Problem Gambling


Gambling involves wagering something of value on a random event, with the intention of winning some other thing of value. The activity also requires a certain level of skill and knowledge. Whether it is lotto tickets, horse races, poker, casino games or playing the pokies, gambling can be an enjoyable pastime, but for some people it can become problematic and addictive.

Understanding of the adverse consequences of excessive gambling has undergone profound change. For most of history, gamblers who experienced such consequences were viewed as having gambling problems. Today, we tend to view them as having psychological problems. This shift is parallel to, and probably stimulated by, the gradual evolution of the diagnosis and description of pathological gambling in the various editions of the Diagnostic and Statistical Manual of Mental Disorders (DSM) published by the American Psychiatric Association.

Longitudinal studies of gambling are rare because they can be expensive, difficult to conduct and confounded by a variety of factors, including the difficulty in maintaining research team continuity over a long period of time; sample attrition; aging effects (e.g., a person’s sudden interest in gambling may be due to reaching the age of majority, or it could simply be a cyclical phenomenon that is triggered by other events). However, longitudinal data on gambling are becoming more common, sophisticated and theory based.

When people gamble, the brain releases dopamine, a neurotransmitter associated with reward and pleasure. This is a response to uncertainty, and repeated exposure can lead to lasting changes in the brain’s reward pathways. These changes may explain why some people continue to gamble even when they are losing.

Another reason people may gamble is to relieve unpleasant feelings, such as boredom or loneliness. However, it is important to learn to find healthier ways of relieving these feelings, such as exercise, spending time with friends who do not gamble, or practicing relaxation techniques.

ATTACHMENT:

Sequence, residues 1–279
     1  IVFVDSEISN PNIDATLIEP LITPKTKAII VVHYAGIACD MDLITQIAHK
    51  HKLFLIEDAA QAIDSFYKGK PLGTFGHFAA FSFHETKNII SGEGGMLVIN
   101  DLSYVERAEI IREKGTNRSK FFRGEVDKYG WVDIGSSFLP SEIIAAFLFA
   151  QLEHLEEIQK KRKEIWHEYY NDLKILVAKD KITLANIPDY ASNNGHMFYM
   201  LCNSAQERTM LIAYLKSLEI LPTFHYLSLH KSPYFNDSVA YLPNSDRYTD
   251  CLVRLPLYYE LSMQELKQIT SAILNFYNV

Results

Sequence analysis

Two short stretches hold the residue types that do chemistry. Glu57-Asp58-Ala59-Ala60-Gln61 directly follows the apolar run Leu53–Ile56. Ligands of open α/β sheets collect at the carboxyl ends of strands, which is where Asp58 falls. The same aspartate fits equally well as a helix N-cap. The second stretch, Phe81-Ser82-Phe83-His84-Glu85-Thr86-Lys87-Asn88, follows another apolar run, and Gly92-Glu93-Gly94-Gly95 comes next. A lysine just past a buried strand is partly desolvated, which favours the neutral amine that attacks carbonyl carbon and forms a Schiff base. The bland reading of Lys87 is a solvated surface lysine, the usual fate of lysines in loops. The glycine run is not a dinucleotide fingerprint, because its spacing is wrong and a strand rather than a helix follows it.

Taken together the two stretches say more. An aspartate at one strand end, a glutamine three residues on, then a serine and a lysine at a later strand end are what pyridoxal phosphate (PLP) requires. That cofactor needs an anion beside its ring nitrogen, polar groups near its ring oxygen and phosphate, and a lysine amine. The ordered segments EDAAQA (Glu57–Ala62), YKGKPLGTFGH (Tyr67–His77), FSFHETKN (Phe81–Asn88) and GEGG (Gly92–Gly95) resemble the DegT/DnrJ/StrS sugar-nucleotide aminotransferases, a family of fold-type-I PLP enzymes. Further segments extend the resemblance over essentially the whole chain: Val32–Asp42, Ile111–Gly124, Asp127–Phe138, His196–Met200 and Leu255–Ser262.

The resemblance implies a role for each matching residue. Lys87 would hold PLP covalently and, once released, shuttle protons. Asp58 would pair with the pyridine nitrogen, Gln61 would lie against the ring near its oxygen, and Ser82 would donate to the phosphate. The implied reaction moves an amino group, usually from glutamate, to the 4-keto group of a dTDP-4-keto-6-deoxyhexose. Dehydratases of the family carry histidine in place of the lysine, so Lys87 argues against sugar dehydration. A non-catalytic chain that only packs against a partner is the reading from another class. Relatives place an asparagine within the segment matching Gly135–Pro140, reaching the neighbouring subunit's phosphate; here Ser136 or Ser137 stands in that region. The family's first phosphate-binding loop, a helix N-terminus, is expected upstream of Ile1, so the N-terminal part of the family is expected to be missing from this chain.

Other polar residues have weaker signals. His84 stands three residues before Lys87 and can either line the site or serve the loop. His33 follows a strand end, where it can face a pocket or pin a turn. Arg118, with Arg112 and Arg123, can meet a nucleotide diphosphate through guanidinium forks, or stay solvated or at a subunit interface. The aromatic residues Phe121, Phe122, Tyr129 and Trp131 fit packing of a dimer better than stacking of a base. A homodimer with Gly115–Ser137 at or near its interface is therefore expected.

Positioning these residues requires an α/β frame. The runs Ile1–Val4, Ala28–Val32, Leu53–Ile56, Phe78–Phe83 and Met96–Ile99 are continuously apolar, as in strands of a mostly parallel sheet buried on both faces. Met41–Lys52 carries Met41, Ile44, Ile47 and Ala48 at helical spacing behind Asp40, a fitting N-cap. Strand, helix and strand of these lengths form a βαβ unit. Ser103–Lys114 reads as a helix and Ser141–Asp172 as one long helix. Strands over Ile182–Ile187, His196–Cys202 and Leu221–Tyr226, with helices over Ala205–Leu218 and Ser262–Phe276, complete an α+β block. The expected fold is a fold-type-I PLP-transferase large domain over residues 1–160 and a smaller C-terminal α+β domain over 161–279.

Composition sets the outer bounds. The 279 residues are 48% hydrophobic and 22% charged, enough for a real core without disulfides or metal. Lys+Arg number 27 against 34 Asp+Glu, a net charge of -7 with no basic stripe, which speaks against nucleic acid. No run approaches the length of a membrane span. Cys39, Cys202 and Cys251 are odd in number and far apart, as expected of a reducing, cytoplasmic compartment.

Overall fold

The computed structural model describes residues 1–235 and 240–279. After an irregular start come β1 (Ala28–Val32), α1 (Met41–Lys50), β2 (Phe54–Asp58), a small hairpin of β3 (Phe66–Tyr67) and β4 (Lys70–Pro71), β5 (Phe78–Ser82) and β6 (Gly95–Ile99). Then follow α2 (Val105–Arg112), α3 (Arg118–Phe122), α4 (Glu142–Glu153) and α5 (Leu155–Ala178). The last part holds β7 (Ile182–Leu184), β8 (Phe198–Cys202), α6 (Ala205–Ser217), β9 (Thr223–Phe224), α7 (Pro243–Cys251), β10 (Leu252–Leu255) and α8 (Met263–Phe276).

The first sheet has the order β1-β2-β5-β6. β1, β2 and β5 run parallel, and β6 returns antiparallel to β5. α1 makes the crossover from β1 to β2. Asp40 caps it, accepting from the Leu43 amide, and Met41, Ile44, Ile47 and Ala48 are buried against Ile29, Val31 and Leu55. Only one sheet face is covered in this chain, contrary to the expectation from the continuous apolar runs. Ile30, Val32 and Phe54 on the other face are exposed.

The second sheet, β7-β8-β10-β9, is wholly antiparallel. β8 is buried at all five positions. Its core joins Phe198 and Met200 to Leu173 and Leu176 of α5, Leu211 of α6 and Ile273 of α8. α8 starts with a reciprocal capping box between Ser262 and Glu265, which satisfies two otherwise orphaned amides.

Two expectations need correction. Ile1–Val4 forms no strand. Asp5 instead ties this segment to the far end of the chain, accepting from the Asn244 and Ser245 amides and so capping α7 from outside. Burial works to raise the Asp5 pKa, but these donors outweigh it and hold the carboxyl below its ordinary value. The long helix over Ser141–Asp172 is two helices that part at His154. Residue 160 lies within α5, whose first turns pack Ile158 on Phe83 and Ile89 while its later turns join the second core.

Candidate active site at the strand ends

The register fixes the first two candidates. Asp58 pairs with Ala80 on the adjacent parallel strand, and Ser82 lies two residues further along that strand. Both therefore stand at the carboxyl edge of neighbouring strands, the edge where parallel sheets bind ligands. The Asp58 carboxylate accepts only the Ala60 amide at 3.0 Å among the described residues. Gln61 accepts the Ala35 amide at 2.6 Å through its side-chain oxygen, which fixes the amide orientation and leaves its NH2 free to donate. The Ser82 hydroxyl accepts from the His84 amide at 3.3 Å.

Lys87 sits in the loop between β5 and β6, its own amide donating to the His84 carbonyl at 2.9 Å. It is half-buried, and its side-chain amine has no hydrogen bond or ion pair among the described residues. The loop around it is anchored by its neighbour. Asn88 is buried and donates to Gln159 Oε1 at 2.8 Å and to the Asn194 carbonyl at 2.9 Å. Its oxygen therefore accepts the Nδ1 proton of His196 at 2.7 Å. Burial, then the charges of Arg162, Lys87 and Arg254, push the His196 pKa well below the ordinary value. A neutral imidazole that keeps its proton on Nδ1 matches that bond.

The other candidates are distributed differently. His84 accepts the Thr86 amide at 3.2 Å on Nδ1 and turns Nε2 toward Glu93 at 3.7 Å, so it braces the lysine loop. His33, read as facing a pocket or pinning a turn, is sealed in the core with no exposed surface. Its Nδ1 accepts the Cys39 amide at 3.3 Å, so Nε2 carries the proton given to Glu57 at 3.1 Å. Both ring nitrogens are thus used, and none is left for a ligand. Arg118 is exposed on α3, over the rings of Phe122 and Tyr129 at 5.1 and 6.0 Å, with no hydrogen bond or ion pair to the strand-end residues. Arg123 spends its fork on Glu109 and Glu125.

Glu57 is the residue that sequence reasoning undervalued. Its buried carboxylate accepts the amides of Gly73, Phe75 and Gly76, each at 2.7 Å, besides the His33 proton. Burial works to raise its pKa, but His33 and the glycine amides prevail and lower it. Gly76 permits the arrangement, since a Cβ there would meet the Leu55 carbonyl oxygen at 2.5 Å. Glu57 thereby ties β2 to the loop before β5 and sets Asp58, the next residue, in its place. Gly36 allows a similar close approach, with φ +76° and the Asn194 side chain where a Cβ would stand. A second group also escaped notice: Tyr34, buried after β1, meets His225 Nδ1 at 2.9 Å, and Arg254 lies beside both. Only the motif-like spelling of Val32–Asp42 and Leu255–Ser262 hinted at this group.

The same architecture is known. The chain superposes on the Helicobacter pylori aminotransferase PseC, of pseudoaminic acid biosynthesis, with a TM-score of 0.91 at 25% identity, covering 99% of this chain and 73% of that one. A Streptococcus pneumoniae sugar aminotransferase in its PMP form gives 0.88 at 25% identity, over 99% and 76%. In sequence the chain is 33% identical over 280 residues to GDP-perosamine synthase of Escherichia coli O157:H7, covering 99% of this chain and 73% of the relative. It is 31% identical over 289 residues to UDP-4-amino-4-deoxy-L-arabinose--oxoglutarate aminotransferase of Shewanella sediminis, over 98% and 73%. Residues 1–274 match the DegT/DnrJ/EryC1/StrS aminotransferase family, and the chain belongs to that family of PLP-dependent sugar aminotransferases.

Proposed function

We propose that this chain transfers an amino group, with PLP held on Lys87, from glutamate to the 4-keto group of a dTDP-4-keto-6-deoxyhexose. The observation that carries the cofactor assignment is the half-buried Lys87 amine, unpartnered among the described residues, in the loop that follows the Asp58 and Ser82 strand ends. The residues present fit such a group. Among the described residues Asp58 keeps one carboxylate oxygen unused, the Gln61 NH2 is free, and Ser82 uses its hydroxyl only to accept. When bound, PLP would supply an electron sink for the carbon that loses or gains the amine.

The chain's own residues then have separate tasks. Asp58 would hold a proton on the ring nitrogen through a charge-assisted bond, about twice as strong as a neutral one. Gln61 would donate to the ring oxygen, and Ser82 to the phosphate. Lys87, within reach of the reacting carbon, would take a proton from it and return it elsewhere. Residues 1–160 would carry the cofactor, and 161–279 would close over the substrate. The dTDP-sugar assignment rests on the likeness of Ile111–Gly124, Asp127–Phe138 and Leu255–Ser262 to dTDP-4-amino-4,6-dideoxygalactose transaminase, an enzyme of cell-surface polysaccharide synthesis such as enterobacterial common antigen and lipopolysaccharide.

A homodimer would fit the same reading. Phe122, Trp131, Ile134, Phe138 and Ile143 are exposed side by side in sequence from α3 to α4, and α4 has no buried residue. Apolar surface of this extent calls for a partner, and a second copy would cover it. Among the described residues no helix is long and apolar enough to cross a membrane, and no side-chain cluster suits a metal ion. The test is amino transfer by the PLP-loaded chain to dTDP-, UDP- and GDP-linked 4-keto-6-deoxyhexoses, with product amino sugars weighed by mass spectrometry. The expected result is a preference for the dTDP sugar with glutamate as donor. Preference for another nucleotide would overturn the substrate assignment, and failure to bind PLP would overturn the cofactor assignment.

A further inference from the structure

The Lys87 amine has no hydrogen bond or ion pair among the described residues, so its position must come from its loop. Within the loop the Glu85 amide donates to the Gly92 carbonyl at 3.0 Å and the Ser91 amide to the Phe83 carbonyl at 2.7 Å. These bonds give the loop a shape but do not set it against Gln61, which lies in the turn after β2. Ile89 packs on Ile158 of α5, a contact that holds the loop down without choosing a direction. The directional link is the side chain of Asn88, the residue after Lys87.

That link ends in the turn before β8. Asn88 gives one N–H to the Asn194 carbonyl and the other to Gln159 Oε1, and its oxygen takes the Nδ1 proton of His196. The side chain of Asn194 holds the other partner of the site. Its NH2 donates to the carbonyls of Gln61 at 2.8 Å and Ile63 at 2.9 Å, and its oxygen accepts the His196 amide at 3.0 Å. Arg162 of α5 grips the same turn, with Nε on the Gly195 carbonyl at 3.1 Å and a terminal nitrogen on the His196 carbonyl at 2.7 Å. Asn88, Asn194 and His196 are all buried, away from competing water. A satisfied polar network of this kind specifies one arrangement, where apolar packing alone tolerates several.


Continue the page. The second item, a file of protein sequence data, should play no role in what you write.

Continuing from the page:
Some individuals may have an underlying problem with gambling that has not been diagnosed or acknowledged, such as diminished mathematical skills, poor judgment, cognitive distortions, or mental illness. Other individuals have a temporary or situational problem with gambling that can be resolved by using treatment strategies. Those who have an ongoing problem with gambling should seek help from a professional. It is also important for all gambling operators to recognise that their products are designed to keep people gambling, and can result in harm. For this reason, they should be regulated. In addition, they should not be promoted as a way to make money. In order to minimise harm, they should be made transparent and accountable to their customers. This will help to reduce the risk of addiction and the exploitation of vulnerable people. It will also help to increase the transparency of the gambling industry. This will help to protect consumers from fraudulent practices and to ensure that the gambling industry is governed by strong ethical standards. This will also help to build trust between the gambling industry and society at large.